Who is Like God?

Question: What holy place far from Rome was visited on pilgrimage by Sts. Thomas Aquinas, Catherine of Siena, Bernard of Clairvaux, Francis of Assisi, and many popes, including St. John Paul II?   Perhaps you would be keen to join this illustrious company.

Answer: The shrine of St. Michael in Monte Sant’ Angelo, on the slopes of Mount Gargano overlooking the Adriatic, located on the “spur” of the boot which is Italy. The shrine itself is located in a cave, an ancient site of pagan worship, where according to hagiographical tradition the Archangel Michael appeared in 490. He instructed that a shrine be built to his honor and that those who invoked him would be defended in battle against pagan military incursions.  Pope Gelasius I approved the shrine in 493.

I said that St. Francis of Assisi had visited the shrine, and yet only in a manner of speaking. This great saint made the journey to Monte Sant’ Angelo, but considered himself too unworthy actually to enter the cave once there. It was enough for him to make the sign of a cross with his finger on a stone outside.

You may say: I have never heard of this great place of pilgrimage. Neither had I, until recently. But perhaps like me you will pray for the means and opportunity to go there, after the pandemic scare is over?

Monte Sant’ Angelo is not unlike Mont-Saint-Michel on the other side of Europe, founded in the early 800s after St. Michael appeared there, too, and instructed the bishop to build him a shrine.  These shrines together illustrate four important marks about devotion to St. Michael: antiquity, exogeneity, catholicity, and urgency.

First, antiquity.  Devotion to St. Michael is something I would have once scratched my head over. It’s not something that, on Protestant principles, ought to exist, in its picture of “early Christianity.” And yet there it is, from the beginning. At least it’s manifested as soon a Christianity is manifested publicly.  Around 324 the Emperor Constantine built the “Michaelion,” a church in honor of the angel, after St. Michael appeared to him and helped him win a battle. The iconography of St. Michael as a soldier slaying the serpent Satan dates from this time. But Constantine was affirming a tradition of devotion that was already centuries old.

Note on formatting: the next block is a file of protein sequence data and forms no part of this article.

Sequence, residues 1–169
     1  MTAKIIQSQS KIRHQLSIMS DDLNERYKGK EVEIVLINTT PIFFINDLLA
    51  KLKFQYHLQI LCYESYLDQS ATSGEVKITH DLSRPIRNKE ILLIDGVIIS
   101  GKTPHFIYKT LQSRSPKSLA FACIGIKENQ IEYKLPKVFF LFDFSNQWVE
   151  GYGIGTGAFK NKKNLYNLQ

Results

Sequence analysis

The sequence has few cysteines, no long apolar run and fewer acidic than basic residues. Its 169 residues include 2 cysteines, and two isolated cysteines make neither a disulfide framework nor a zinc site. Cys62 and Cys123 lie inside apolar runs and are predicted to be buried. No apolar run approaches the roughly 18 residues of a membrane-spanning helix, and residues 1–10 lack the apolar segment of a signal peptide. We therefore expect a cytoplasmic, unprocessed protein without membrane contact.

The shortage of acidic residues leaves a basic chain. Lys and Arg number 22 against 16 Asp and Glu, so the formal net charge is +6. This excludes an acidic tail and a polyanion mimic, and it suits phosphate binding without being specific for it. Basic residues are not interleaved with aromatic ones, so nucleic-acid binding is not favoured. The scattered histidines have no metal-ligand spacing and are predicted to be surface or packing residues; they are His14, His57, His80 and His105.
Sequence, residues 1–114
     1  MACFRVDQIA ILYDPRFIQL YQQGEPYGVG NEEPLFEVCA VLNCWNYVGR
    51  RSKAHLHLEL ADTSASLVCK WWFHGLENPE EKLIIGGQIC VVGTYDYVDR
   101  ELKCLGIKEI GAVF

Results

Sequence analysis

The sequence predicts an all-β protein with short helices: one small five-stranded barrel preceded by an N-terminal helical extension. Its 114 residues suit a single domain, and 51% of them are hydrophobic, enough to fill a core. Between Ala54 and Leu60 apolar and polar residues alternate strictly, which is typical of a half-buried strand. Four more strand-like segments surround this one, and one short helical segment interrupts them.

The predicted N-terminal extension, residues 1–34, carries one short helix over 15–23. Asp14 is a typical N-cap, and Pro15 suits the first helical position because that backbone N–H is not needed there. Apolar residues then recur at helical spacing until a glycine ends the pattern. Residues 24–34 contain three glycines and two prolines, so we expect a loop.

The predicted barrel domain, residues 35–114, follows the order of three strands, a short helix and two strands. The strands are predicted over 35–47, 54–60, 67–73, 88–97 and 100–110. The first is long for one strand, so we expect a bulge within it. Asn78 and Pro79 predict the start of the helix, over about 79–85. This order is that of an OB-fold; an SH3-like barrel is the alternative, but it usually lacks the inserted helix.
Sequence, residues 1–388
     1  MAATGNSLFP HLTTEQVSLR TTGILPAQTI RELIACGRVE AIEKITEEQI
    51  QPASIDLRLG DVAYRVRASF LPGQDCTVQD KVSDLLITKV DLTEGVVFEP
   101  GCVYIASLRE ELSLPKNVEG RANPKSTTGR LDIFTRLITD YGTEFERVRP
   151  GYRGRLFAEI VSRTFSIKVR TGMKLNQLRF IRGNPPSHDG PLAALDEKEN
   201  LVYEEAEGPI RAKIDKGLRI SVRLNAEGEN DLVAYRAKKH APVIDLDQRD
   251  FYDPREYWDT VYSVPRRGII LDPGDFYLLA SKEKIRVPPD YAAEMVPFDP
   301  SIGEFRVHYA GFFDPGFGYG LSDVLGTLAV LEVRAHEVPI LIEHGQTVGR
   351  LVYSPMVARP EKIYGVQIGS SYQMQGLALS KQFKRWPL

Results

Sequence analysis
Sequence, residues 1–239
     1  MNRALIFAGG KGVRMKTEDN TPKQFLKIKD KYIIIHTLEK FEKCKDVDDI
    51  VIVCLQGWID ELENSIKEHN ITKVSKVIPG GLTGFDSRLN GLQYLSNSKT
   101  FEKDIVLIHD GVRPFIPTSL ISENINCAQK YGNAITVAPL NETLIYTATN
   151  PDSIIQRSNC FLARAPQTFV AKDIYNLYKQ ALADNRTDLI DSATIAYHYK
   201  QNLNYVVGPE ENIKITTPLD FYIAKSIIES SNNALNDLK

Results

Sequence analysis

Second, exogeneity.  That’s a fancy word that economists use for causes that come “from outside” a system. It’s fact that devotion to St. Michael is construed within pious tradition not as a construct or invention of human piety, but as a response to particular interventions of the angel from without. The angel is sensed as a supernatural person who manifests himself and gives definite instructions to Christians to honor him in certain places. The famous St. Michael prayer of Leo XIII, somewhat similarly, was composed by that great pontiff after he fainted from an oppressive vision of besetting demons. (See the excellent recent book on this subject by Kevin Symonds.)


Third, catholicity.  By this I mean that devotion to St. Michael has erupted throughout Christendom. But also, by God’s design, apparently, this devotion loves to “take over” pagan devotion. The cave of Monte Sant’ Angelo was a place of pagan worship. In Germany, shrines to St. Michael supplanted places that had previously been devoted to the Norse God, Odin (“Wotan”) – as if people sensed that what was found alluring in the false god was found, truly, in the goodness of that mighty angel.